Solar has emerged as a favourite source of power to many homeowners due to its reliability and low cost compared to electricity.

But that is not limited to homes as businesses are also embracing solar energy.

One such business is the new Café Deli branch along Koinange Street.

When the restaurant relocated from Kenyatta Avenue in September, Mr Obado Obadoh, the Managing Director and founder of Nanjala Ltd –the parent company that owns the chain of restaurants — says he wanted to have glass roofing at his new establishment.

This, however, came with its challenges and the option turned out to be expensive since, apart from the glass roofing, they would need ultraviolet (UV) light protectors.

For humans, suntan and sunburn are familiar effects of exposure of the skin to UV light, along with an increased risk of skin cancer.

Solar panels are installed at New Cafe Deli along Koinange Street in Nairobi in this file photo.

Amina Wako | Nation Media Group

But, after consultations with experts, Mr Obado settled for solar panels.

“When we were designing the Koinange Street branch, we had experts come in and give their opinions. With the Covid-19 situation, we were also looking for ways to cut costs. With solar, we spent less money than all the other available options,” Mr Obado told the Nation.

“When the costing was done by the quantity surveyor, it came down to almost half of what we would have spent on putting up the glass roof.”

Savings important

 

To Mr Obado, saving even a shilling means a lot and so solar was the welcome option.

“At the Kenyatta Avenue (branch), the cost of electricity per month was between Sh250,000 and Sh280,000. Based on the plan we have, we will use Kenya Power as a backup. This means we will save close to Sh140,000 which is half of what we used to pay before,” he said.

 Mr Omondi Lumbe, the electrical contractor who was in charge of the project, says he installed 96 panels on the roof that coves 250 square meters.

“The panels produce close to 33 kilowatts per hour and are in use for eight hours a day, hence produce close to 264 kilowatts daily,” said Mr Lumbe, who is a partner at Kev & Lum Construction and Electrical Company Ltd.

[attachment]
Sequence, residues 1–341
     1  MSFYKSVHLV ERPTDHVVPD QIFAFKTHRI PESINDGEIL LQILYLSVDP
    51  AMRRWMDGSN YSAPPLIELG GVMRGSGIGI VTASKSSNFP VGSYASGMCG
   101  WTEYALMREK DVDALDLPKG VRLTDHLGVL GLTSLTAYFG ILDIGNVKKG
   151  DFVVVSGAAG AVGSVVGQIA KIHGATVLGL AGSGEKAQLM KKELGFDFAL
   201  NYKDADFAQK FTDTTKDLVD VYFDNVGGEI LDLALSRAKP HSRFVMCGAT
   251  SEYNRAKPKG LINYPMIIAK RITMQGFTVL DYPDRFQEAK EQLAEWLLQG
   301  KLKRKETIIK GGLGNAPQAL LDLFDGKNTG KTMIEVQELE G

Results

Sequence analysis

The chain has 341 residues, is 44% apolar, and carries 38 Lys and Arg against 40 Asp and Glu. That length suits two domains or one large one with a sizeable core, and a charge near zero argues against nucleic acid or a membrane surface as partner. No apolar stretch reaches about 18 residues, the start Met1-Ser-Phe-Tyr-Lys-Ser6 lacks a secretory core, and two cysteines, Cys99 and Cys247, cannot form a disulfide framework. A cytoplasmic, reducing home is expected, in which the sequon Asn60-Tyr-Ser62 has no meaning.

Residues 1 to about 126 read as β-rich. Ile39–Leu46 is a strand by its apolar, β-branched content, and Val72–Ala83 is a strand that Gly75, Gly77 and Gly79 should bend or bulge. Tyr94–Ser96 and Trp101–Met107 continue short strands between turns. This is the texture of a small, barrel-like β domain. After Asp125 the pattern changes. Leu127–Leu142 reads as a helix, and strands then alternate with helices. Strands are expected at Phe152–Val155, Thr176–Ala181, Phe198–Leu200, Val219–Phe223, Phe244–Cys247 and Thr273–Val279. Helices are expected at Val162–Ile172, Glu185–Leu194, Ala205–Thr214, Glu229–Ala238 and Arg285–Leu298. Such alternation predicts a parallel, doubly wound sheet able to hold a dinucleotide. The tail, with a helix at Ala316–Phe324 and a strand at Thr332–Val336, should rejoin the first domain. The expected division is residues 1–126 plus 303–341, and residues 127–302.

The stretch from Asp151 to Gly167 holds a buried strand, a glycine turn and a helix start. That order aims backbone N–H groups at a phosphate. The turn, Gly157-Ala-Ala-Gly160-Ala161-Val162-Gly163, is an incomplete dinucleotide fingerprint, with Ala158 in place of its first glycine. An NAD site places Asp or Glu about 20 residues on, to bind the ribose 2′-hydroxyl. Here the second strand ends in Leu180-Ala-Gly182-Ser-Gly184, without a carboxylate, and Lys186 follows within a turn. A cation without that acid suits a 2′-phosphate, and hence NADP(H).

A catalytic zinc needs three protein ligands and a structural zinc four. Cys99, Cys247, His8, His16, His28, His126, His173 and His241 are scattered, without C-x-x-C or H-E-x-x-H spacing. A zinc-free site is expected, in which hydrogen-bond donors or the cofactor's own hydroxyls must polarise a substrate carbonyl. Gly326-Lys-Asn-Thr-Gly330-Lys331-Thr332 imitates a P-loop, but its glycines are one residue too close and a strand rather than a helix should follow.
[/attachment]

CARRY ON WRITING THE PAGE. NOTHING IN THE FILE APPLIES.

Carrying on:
Solar panels are installed at New Cafe Deli along Koinange Street in Nairobi in this file photo.

Amina Wako | Nation Media Group

To avoid more spending, they opted to use solar power directly instead of using batteries to store more energy.

Today, Café Deli only relies on Kenya Power services for between three and four hours, which is mostly at night when the solar panels are off.

“We are only using Kenya Power at night for three to four hours. That means solar power will be used for most of our 12 hours,” Mr Obado said.

He also has plans to install the solar panels at his other branches on Moi Avenue and Nkurumah Lane, Behind Kencom in Nairobi’s Central Business District.

Business effects

 

This is, however, not the first time the businessman is opting to go the solar power route.

Six years ago, when he wanted to install electricity at his rural home in Busia, he says he was slapped with a quotation of Sh800,000.

“I thought about it and wondered why I would pay such a high figure, buy a transformer which is going to be Kenya Power’s property, and still pay them every month. I settled for solar panels and it’s a decision I don’t regret,” he said.

According to Mr Obado, the high cost of power in Kenya has rendered businesses uncompetitive compared to other countries in East Africa.

The new Cafe Deli along Koinange Street in Nairobi, which uses solar energy.

Amina Wako | Nation Media Group

Café Deli has joined several companies, universities and factories that have turned to solar power  and, in the process, cut operational costs.

This, according to Kenya Power, has dealt a blow to their already dwindling finances.

“The company operated in a challenging environment over the financial year under review, where demand growth at 3.7 per cent remained below the projected level of five per cent. The dampened demand growth is further compounded by increased threats of grid defection by the industrial category as decentralised renewable energy options are becoming more available and cheaper,” Kenya Power revealed in its latest annual report.


Spread the love by sharing this post with family and friends
  •  
  •  
  •  
  •  
  •  
Continue Reading

Africa

Kenya has the most expensive schools in Africa costing over Sh3M a year per student

Published

on

Spread the love by sharing this post with family and friends
  •  
  •  
  •  
  •  
  •